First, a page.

Clifton Sanders Jr. was really looking forward to having his say in the 2018 election.
That is, until the state of Florida caught up with him and took away his right to vote, nearly 30 years later.
Sanders, 69, is a retired minister living with a wife and young daughter in Orange Park, south of Jacksonville. He's a former pastor at the Shiloh Metropolitan Baptist Church in downtown Jacksonville.
He received a letter in the mail in early May from the local elections office that would change his life. It said in part:
In Florida, convicted felons are permanently disenfranchised and can never vote again unless their civil rights are reinstated by the Board of Executive Clemency, made up of the governor and three elected Cabinet members.
Before those civil rights are revoked, state law requires that the felon be notified in writing and given an opportunity for a public hearing.
Sanders was indeed guilty of a felony, nearly 30 years ago.
He said he was working as a day laborer in Jacksonville and didn't know that a check he took as payment for labor was worthless. By his account, when he cashed that check he was charged with forgery -- a felony.
Duval County court records show that State Attorney Ed Austin charged Sanders with forgery on Oct. 17, 1989, for cashing the check.
The amount: $283.15.
Records show Sanders pleaded guilty, and was sentenced to one year of probation. Nearly a year later, he was charged with violating probation, according to court records.
The years rolled by. Sanders, a registered Democrat, became an ordained minister, got a pastorship, and became eligible for Medicare and Social Security. He got married and he and his wife Carisa had a daughter.
"Nobody appears to know why it happened, which is ridiculous. It doesn't make any sense," Sanders said. "It took them 30 years to get somebody who's black to not vote. Why did it take them so long?"
After being told he couldn't vote, Sanders asked for a hearing, which was held in August. Clay County said it had no choice but to take away his right to vote, which it did on August 15, nearly 30 years after the fact.
The letter states: "The determination has been made to remove your name from the Florida voter registration rolls because the documentation you provided did not disprove your felon status."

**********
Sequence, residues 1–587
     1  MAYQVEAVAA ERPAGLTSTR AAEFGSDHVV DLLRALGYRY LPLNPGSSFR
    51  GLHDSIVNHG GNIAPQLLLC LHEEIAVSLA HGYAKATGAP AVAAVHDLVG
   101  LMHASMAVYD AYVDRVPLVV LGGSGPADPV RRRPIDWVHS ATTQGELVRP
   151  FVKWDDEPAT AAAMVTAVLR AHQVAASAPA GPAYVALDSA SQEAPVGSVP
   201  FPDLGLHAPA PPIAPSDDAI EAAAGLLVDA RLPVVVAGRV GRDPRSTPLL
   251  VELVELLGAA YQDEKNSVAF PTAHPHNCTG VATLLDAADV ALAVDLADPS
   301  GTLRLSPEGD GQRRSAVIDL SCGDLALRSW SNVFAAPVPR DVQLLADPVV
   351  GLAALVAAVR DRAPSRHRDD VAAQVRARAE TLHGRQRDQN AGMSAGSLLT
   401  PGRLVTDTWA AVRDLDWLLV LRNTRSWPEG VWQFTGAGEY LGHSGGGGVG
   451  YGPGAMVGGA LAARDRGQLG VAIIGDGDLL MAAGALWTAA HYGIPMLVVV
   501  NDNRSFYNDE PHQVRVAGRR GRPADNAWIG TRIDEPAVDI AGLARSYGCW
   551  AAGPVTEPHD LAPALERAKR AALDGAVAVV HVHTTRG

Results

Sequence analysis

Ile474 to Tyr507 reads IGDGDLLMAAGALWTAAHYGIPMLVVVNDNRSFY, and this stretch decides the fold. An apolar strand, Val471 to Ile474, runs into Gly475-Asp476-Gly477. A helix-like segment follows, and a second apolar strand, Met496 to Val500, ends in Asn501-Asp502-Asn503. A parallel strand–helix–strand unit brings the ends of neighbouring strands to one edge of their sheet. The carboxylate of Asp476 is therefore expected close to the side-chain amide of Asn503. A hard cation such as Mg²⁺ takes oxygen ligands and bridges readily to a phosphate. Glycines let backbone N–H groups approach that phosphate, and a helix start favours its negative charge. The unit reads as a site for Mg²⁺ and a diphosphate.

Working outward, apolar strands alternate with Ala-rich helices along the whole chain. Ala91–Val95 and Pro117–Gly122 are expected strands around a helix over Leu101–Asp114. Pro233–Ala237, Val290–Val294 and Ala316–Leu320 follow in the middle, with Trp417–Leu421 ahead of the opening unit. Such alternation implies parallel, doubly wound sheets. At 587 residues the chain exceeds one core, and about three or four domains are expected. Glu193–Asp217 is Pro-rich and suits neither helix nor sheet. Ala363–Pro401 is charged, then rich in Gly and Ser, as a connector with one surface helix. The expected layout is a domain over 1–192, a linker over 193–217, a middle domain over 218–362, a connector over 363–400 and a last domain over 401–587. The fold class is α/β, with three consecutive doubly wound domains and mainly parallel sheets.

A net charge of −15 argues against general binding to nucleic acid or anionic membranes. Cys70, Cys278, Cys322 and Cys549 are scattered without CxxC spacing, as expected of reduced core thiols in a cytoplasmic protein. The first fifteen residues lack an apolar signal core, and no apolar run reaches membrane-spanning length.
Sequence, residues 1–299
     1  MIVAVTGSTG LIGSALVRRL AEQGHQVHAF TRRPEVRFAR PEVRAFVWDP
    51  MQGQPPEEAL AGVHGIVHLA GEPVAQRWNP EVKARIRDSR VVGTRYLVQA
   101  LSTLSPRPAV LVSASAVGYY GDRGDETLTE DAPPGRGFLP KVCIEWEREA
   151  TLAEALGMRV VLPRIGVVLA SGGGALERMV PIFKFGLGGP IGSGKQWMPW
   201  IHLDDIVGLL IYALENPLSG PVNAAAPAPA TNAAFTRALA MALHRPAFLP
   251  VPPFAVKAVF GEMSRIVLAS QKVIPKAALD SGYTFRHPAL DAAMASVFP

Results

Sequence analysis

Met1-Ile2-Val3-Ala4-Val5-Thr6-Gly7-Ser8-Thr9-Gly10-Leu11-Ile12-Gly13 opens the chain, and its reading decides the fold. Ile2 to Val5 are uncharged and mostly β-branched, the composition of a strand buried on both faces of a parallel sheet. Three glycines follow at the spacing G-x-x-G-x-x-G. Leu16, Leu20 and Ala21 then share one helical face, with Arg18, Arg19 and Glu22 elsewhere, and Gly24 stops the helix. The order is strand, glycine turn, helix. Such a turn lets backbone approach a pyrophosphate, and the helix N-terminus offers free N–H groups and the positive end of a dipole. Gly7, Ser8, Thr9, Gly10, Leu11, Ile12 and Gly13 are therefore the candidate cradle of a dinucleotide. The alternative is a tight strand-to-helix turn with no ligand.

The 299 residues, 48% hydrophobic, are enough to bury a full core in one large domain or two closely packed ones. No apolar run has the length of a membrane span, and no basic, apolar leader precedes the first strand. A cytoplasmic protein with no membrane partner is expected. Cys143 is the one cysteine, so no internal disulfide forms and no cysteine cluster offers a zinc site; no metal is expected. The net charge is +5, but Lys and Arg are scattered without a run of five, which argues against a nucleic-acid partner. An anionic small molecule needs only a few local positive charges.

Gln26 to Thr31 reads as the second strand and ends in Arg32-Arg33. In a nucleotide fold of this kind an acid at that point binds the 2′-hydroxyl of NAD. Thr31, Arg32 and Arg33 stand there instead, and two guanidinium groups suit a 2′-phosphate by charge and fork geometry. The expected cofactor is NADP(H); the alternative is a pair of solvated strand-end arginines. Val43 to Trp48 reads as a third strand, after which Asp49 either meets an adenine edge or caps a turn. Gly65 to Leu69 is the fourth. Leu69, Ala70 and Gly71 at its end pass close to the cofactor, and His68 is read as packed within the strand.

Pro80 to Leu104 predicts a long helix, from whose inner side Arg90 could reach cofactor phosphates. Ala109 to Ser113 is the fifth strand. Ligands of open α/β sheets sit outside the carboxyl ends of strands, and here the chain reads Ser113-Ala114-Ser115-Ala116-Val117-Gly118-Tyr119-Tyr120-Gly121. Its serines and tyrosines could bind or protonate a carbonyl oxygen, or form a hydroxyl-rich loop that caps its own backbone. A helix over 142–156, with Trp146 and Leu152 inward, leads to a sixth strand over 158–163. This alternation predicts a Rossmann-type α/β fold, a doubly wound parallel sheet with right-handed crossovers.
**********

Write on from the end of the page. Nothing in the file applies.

- The letter Clifton Sanders Jr. received in August that took away his right to vote nearly 30 years later.
Since 2006, the primary responsibility for identifying potentially ineligible felons on the voter rolls has been the state's responsibility. But only a local supervisor of elections can remove a felon from the list of active voters, based on documentation only the state provides.
The state elections officer, Secretary of State Ken Detzner, who was appointed by Gov. Rick Scott, said it has been aware of the Sanders case since 2010, but that Detzner's office could not positively identify Sanders as the same person who was guilty of forgery in 1989.
"The Department started reworking the potential felony match in August 2017 as part of an established practice to periodically review old potential matches that we were not previously able to validate due to insufficient documentation," said Detzner's spokeswoman, Sarah Revell. "Once we obtained the required documentation we were able to send a valid case to the supervisor of elections."
The facts of Sanders' forgery case are easily found on the Duval clerk of courts web site. There appears to be only one Clifton Sanders Jr. who was registered to vote in Florida who was born on Oct. 16, 1948.
Revell said a "valid case file" was sent to the Clay County elections office in May and Sanders was removed in August.
Because of Sanders' age, and that Florida has a mandatory five-year waiting period to apply for clemency and a backlog of more than 10,000 cases, it's not likely that Sanders will be able to vote again -- unless voters approve Amendment 4 on the Nov. 6 ballot.
READ MORE: A summer of building support for giving felons right to vote
Passage of the amendment would restore the right to vote to about 1.4 million felons, not including those convicted of murder or sex offenses, without formal hearings.
Florida's system of restoring voting rights to felons was struck down as unconstitutional this year by a federal judge, but the system remains in effect while the state appeals Judge Mark Walker's decision.
READ MORE: Judge strikes down Florida's system of restoring felons' rights
Sanders' wife Carisa, who contacted the Times/Herald about the case, is furious at the turn of events. She said so in an email to the elections office.
"You are nothing but committing election fraud," Mrs. Sanders wrote Aug. 3, "trying to take people's voter registration away to keep people from voting for who they want so that you can keep Donald Trump in office and the Republicans in control."
But the decades of delays also raised questions with the county elections officer.
"I wondered the same thing -- why this took so long to trickle through the process," said Chris Chambless, Clay County's supervisor of elections. "The county should be able to act immediately, and we go through many layers of review to make sure it's accurate."
"I freely admitted to Mr. Sanders that I empathized with him," Chambless told the Times/Herald. "It was a long period of time. But the statute doesn't provide me with any jurisprudence with a file once I receive it."